Matilde, Caterina's friend mezzo-soprano Anna Salvetti
Gerardo tenor Gaetano Fraschini
Lusignano, King of Cyprus baritone Filippo Coletti
Mocenigo, ambassador of Venice bass Nicola Benevento
Andrea Cornaro, Caterina's fatherbass Marco Arati
Strozzi, head of the Sgherritenor Anafesto Rossi
A knight of the Kingtenor Domenico Ceci


Place: Venice and Cyprus
Time: 1472

The wedding of Caterina, daughter of Andrea Cornaro, to a young Frenchman, Gerardo, is postponed when Mocenigo brings word that Lusignano, King of Cyprus, wishes to marry her. After much intrigue, involving Lusignano being slowly poisoned by Mocenigo, Gerardo joins the Knights of the Cross to help Lusignano defend Cyprus against the Venetians. Lusignano is mortally wounded; as he dies he entrusts his people to Caterina's care. Gerardo then returns to Rhodes. (In the revised finale for the Parma production, Lusignano informs Caterina that Gerardo has been killed in battle.)

Rhodes Island and Municipality in South Aegean, Greece

Rhodes is the largest of the Dodecanese islands of Greece and is also the island group's historical capital. Administratively the island forms a separate municipality within the Rhodes regional unit, which is part of the South Aegean administrative region. The principal town of the island and seat of the municipality is Rhodes. The city of Rhodes had 50,636 inhabitants in 2011. It is located northeast of Crete, southeast of Athens and just off the Anatolian coast of Turkey. Rhodes' nickname is The island of the Knights, named after the Knights of Saint John of Jerusalem, who once conquered the land.


(Caterina Cornaro, Gerardo, Lusignano,
Andrea Cornaro)
Opera House and Orchestra
Label [4]
1972 Leyla Gencer,
Giacomo Aragall,
Renato Bruson,
Luigi Risani
Carlo Felice Cillario,
Orchestra and Chorus of the Teatro San Carlo
(Recording of a performance at The Teatro San Carlo, Naples, 28 May)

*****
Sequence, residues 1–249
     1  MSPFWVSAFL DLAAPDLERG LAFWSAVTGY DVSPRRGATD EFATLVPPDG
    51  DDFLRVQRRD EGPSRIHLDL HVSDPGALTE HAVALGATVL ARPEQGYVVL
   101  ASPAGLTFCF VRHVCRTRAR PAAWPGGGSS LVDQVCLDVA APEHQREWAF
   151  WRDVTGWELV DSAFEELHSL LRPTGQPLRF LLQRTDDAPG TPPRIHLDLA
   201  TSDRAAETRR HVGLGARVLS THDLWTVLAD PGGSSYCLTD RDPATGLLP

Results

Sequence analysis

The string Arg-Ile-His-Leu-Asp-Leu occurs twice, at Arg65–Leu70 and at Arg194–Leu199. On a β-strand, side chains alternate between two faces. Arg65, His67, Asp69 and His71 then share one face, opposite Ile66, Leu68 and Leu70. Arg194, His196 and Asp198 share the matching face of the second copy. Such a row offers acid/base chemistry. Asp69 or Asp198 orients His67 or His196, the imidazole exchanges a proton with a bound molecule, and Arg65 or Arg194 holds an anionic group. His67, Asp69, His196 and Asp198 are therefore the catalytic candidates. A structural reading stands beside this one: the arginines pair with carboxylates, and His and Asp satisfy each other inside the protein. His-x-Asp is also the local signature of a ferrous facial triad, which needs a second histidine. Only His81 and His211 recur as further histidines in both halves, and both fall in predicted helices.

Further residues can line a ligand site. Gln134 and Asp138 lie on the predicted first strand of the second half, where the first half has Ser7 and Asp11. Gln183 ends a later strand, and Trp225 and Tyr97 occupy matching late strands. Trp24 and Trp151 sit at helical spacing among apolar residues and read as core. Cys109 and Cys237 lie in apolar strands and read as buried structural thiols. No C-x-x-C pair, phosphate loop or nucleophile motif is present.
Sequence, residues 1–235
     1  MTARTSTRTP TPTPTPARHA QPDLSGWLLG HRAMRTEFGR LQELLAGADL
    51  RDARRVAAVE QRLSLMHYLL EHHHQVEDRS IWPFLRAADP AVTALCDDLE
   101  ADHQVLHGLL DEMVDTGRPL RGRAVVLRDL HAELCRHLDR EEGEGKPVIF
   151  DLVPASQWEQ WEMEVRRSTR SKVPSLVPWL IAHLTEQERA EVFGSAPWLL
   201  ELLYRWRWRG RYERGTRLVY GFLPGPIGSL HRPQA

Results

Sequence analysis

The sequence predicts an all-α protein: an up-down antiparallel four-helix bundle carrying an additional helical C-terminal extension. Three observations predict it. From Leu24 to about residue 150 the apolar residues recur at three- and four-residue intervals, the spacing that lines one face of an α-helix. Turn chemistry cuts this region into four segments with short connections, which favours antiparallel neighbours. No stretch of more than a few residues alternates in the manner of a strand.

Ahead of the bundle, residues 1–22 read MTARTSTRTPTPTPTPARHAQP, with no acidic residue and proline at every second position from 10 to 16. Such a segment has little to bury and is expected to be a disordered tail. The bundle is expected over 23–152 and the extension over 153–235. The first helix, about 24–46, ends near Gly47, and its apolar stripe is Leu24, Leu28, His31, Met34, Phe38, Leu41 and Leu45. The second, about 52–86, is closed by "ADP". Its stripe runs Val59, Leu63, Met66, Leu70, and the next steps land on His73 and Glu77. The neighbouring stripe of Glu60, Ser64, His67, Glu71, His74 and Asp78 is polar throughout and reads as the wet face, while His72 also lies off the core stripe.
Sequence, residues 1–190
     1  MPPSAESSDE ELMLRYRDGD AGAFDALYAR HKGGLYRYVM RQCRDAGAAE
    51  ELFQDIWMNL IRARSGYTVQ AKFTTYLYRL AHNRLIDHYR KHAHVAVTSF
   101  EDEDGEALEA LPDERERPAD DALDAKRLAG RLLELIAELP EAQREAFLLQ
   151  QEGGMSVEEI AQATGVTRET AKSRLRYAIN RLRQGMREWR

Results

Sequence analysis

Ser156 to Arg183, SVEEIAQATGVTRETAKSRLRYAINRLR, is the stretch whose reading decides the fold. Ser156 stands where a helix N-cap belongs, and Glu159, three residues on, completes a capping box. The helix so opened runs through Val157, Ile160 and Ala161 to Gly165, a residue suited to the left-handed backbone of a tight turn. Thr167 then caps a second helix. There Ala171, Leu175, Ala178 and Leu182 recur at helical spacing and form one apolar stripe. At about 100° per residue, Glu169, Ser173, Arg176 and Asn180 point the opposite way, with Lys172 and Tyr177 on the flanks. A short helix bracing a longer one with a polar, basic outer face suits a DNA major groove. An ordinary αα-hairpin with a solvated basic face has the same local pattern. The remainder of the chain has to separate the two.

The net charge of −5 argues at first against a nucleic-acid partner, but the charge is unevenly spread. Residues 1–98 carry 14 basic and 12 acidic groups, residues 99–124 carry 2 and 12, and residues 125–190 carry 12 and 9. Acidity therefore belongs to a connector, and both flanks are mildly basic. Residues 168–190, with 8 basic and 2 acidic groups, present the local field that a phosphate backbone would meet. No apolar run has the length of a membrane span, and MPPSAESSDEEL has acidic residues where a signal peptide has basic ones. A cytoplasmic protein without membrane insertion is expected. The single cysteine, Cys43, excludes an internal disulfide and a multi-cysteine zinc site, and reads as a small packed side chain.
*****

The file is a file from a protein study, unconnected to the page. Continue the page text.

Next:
Audio CD: Myto
Cat: MCD 921.53
1972 Montserrat Caballé,
José Carreras,
Lorenzo Saccomani,
Enrique Serra
Carlo Felice Cillario,
London Symphony Orchestra and Chorus
(Recording of a concert performance at The Royal Festival Hall, 10 July)
Audio CD: Opera d'Oro
Cat: OPD-1266
1973 Leyla Gencer,
Giuseppe Campora,
Giuseppe Taddei,
Samuel Ramey
Alfredo Silipigni,
Orchestra and Chorus of the New Jersey Opera
(Recording of a concert performance at Carnegie Hall, New York, 15 April)
Audio CD: On Stage
Cat: 4701
1973 Margherita Rinaldi,
Ottavio Garaventa,
Licinio Montefusco,
Guido Mazzini
Elio Boncompagni,
Orchestra and Chorus of RAI Turin

(Recorded RAI studios, Turin, 30 August)

Audio CD: Bongiovanni
Cat: BG 2410/11-2
1973 Montserrat Caballé,
Giacomo Aragall,
Ryan Edwards,
Claude Méloni
Gian-Franco Masini,
Orchestre Lyrique & Chorale Lyrique de l'O.R.T.F.
(Recording of a concert performance, Paris, Salle Pleyel, 25 November)
Audio CD: Rodophe,
Cat: RPC 32474-32475;
Cat: PX 505.2
1995Denia Mazzola,
Pietro Ballo,
Stefano Antonucci,
Marzio Giossi
Gianandrea Gavazzeni,
"I Pomeriggi Musicali" di Milano and Teatro Donizetti di Bergamo Chorus
(Recording of a performance in the Teatro Donizetti di Bergamo, 21 Sept)
Audio CD: Agora Musica
Cat: AG 046.2
1998 Julia Migenes,
Alan Oke,
Jeffrey Carl,
Glenville Hargreaves
Richard Bonynge,
British Youth Opera Orchestra and the Vasari Singers
(Recording of a concert performance, Queen Elizabeth Hall, London, 28 June)
Audio CD: Hellenic Centre
Cat: 001/002
2013 Carmen Giannattasio,
Colin Lee,
Troy Cook,
Graeme Broadbent
David Parry,
BBC Singers and the BBC Symphony Orchestra
(studio recording, BBC Maida Vale studios, London. Recorded 2011. Released 2013)
Audio CD: Opera Rara
Cat: ORC 48

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  1. Dean, Winton, "Music in London: Caterina Cornaro" (September 1972). The Musical Times, 113 (1555): pp. 881, 883.
  2. Dean, Winton, "Donizetti's Serious Operas" (1973-1974). Proceedings of the Royal Musical Association, 100: pp. 123-141.
  3. Casaglia, Gherardo (2005). "Caterina Cornaro, 12 January 1844" . L'Almanacco di Gherardo Casaglia (in Italian).
  4. Source for recording information: